A year ago, President Barack Obama was considering an executive order to require corporations with government contracts to disclose political spending. Campaign finance reformers were all aglow, because it looked like a defacto Disclose Act, which would require disclosure of political spending of over $1,000.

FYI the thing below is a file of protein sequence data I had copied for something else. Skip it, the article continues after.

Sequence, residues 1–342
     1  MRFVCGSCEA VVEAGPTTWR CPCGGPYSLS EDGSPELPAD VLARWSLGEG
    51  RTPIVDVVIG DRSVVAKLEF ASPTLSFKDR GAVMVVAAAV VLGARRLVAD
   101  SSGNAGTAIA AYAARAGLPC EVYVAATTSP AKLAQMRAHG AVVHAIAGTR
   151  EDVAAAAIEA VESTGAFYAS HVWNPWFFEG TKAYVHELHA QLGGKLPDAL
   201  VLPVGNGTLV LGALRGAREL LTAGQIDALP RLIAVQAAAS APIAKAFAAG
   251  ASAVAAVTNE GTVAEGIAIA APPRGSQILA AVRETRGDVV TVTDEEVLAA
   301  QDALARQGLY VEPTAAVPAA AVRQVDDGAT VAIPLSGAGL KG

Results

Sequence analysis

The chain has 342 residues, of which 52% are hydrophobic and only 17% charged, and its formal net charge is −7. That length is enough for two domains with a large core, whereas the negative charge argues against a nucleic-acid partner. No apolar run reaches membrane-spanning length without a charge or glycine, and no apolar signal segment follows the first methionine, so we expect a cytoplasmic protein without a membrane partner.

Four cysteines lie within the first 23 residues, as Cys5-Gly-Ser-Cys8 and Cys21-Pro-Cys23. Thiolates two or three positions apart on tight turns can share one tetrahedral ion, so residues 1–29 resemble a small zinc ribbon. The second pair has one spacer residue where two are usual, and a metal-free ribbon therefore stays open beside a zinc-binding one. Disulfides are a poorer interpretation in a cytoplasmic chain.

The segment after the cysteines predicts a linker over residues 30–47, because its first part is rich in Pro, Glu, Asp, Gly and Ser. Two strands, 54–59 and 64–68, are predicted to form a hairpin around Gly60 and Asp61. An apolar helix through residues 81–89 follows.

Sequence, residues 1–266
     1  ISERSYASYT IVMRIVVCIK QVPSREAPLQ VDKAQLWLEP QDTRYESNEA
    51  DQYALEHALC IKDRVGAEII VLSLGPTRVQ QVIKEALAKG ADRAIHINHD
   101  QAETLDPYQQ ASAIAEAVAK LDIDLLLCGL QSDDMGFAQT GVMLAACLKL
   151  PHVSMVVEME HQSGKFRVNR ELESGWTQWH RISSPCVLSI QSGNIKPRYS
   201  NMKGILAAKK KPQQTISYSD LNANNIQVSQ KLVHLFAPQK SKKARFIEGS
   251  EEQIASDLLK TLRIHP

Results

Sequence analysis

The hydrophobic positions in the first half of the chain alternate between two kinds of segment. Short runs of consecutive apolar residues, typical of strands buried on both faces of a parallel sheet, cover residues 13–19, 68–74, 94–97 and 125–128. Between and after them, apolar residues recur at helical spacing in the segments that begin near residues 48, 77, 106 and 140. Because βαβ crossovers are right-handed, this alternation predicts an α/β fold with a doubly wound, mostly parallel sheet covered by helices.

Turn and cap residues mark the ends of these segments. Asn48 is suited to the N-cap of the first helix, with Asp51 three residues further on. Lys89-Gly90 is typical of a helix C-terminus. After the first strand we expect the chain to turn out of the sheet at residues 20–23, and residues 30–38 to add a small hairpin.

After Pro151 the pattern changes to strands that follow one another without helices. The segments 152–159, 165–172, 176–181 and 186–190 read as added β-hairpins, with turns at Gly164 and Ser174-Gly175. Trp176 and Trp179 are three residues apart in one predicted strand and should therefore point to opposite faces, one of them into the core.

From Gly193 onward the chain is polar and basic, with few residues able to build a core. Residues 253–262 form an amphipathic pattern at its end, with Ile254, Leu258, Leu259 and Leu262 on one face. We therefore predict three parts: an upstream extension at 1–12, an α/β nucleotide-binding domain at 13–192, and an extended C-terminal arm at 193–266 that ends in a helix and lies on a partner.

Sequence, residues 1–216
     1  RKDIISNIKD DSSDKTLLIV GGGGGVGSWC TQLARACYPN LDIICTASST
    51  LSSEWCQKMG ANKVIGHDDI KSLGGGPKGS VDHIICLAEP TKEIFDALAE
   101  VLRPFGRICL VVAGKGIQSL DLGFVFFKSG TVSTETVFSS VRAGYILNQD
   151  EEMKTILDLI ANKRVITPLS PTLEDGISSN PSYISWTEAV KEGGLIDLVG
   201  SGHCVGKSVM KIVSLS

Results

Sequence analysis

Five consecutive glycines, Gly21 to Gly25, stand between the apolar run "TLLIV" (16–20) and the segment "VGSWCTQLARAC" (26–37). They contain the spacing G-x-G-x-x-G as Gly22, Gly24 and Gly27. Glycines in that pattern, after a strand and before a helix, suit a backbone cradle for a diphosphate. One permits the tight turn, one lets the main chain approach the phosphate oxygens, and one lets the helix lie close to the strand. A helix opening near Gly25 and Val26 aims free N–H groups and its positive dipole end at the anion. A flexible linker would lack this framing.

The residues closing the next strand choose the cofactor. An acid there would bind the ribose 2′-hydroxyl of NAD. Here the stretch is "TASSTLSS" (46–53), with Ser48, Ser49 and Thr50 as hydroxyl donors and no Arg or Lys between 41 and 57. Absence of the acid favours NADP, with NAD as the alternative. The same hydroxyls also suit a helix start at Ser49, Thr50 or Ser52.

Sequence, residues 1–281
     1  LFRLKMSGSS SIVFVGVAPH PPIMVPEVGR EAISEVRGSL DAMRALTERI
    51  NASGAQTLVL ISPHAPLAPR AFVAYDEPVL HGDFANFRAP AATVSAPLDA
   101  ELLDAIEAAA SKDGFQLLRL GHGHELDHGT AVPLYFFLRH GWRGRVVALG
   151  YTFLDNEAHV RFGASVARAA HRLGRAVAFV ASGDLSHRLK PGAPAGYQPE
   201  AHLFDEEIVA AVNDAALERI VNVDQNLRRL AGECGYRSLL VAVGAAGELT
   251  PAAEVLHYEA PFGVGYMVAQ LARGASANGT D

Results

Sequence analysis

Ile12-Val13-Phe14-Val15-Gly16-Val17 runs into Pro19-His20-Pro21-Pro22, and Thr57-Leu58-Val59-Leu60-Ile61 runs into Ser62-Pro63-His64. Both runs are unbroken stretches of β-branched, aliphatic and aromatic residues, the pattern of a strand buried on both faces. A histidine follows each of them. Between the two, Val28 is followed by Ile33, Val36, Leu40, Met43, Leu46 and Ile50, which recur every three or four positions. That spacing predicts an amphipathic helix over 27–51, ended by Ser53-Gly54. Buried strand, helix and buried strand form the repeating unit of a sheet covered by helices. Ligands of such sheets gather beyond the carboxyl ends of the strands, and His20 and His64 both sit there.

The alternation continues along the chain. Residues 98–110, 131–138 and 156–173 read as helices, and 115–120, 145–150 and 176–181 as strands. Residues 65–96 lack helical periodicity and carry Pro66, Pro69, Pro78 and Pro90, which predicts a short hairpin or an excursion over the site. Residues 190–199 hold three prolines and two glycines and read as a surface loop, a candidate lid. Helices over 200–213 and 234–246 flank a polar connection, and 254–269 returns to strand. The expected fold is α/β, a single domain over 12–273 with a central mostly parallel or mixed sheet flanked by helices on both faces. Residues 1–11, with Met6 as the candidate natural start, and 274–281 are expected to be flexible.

In February 2012, when Obama’s re-election campaign announced that it would suppoort Priorities USA and other Democratic Super PACs, it pledged to work on campaign finance in the meantime. Obama supports House and Senate versions of the Disclose Act, which have no chance of passing.
Obama could, instead, try to force nominees onto the Federal Election Commission or call for the Securities Exchange Commission to issue rules requiring political spending disclosure. He is not likely to do either.